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 Power of Myths for the Simpler Minded

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nordmann
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PostSubject: Re: Power of Myths for the Simpler Minded   Mon 16 Sep 2013, 12:41

I Love Lucian - if they'd had TV in the 2nd century that would have been a favourite of mine!

Lucian's satirical attack on Empedocles was nothing compared to the christian church's attempt to wipe the guy from history. We must be grateful to Cicero of all people for the good bits that survived. I assume the church's beef was that Empedocles' rationale was, well, rational, and made a much better stab at explaining good versus evil than the bogeyman version.
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Temperance
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PostSubject: Re: Power of Myths for the Simpler Minded   Mon 16 Sep 2013, 12:50

nordmann wrote:
I Love Lucian - if they'd had TV in the 2nd century that would have been a favourite of mine!

You sound just like Erasmus. I bet he and Thomas More had a great time together translating him! Hope this picture isn't too enormous - please shrink it.

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Temperance
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PostSubject: Re: Power of Myths for the Simpler Minded   Mon 16 Sep 2013, 12:51

Oh heck - sorry. It wasn't that big in the preview, honest. That'll learn me, trying to be clever.

EDIT: Thank you! Here's the link I got that page from:

http://crrs.ca/featured-book/may2010/


Last edited by Temperance on Mon 16 Sep 2013, 13:15; edited 1 time in total
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nordmann
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PostSubject: Re: Power of Myths for the Simpler Minded   Mon 16 Sep 2013, 13:07

As Erasmus would have said - medentis

Edit: Whoops - that should have been the pluperfect - meduerant! (Sorry 'Rasmus)
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LadyinRetirement
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PostSubject: Re: Power of Myths for the Simpler Minded   Tue 17 Sep 2013, 09:53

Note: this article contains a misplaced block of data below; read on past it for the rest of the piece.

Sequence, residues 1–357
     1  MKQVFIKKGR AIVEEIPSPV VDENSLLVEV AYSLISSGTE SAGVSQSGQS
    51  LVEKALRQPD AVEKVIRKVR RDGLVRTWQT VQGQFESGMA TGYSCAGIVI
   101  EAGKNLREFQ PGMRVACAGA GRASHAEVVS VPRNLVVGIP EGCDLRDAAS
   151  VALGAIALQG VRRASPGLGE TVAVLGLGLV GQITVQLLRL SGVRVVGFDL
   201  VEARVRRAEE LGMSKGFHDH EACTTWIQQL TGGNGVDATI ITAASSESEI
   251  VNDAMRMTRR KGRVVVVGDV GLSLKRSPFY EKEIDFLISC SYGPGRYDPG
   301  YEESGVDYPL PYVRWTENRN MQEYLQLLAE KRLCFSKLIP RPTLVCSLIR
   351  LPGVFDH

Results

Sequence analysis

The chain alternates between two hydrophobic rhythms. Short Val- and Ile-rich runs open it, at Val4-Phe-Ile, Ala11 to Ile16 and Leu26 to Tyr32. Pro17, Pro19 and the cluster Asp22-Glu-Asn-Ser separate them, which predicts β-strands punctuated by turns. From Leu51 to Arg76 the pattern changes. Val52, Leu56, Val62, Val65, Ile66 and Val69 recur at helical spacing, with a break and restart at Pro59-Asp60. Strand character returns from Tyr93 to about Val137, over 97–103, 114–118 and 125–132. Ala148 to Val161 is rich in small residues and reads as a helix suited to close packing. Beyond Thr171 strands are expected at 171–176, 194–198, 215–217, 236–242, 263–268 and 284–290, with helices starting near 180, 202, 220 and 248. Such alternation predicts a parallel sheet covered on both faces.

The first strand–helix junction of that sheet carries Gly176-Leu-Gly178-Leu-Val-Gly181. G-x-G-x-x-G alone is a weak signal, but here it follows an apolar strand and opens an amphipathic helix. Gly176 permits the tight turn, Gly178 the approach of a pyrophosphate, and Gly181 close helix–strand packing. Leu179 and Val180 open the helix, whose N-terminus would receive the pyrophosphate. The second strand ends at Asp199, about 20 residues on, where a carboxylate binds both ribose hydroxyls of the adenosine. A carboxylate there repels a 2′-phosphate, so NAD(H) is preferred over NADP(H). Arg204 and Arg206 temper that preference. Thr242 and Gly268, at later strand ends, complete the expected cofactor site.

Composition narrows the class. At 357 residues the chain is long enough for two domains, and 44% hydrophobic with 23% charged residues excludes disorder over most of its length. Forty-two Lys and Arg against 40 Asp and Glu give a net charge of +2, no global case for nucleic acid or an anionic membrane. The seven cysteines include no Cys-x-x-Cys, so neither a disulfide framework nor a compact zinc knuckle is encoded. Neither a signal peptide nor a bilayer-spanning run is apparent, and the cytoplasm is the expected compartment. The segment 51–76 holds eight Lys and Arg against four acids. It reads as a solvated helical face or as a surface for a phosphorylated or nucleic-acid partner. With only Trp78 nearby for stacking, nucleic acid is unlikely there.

Sincerely Thine has a faith but I prefer to keep such opinions personal. My atheist friends and I are more likely to remain friends if we don't get into heated debate and agree to disagree.  I learned in childhood that the story that if I prayed and was good I'd get what I want was a rip-off.  I won't go into detail but I was very bitter towards a certain saint about a prayer that wasn't answered when I was a little girl. When I was a child the church was always full on a Sunday - these days there are many vacant seats except at Christmas and Easter. Interpreting "myth" slightly differently,  I did come across something on another forum where a person was saying how awful the early Christian Church had been to the Druids (they had taken the BBC series "Merlin" - which I personally enjoyed as a "romp" as fact).  I was disappointed to read (on Wikipedia) that the story about the housewife telling off King Alfred the Great off for burning the cakes was probably what we would now call an "urban legend".  I was also disappointed that the tale of Marie Lloyd changing "she sits among the cabbages and peas" to "she sits among the cabbages and leeks" was likewise untrue.
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Temperance
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PostSubject: Re: Power of Myths for the Simpler Minded   Sat 18 Jul 2015, 19:34

Saint Atticus Finch - yet another myth debunked? Are there any saints left for us to believe in?

Go Set a Watchman is not a good book - more a first draft really, but its publication means that we can never read To Kill a Mockingbird in the same innocent way again.

Brilliant review here:

http://www.theguardian.com/books/2015/jul/17/go-set-a-watchman-harper-lee-review-novel

The slender plot of Watchman hangs on this disclosure. Scout must come to terms with the revelation that her father is not Saint Atticus, leaving Watchman’s readers to struggle with the same problem: we’re all Scout Finch now, shocked at discovering our father figure has feet of Alabama clay. Maybe it is time for us all to grow up.

Maybe it is.
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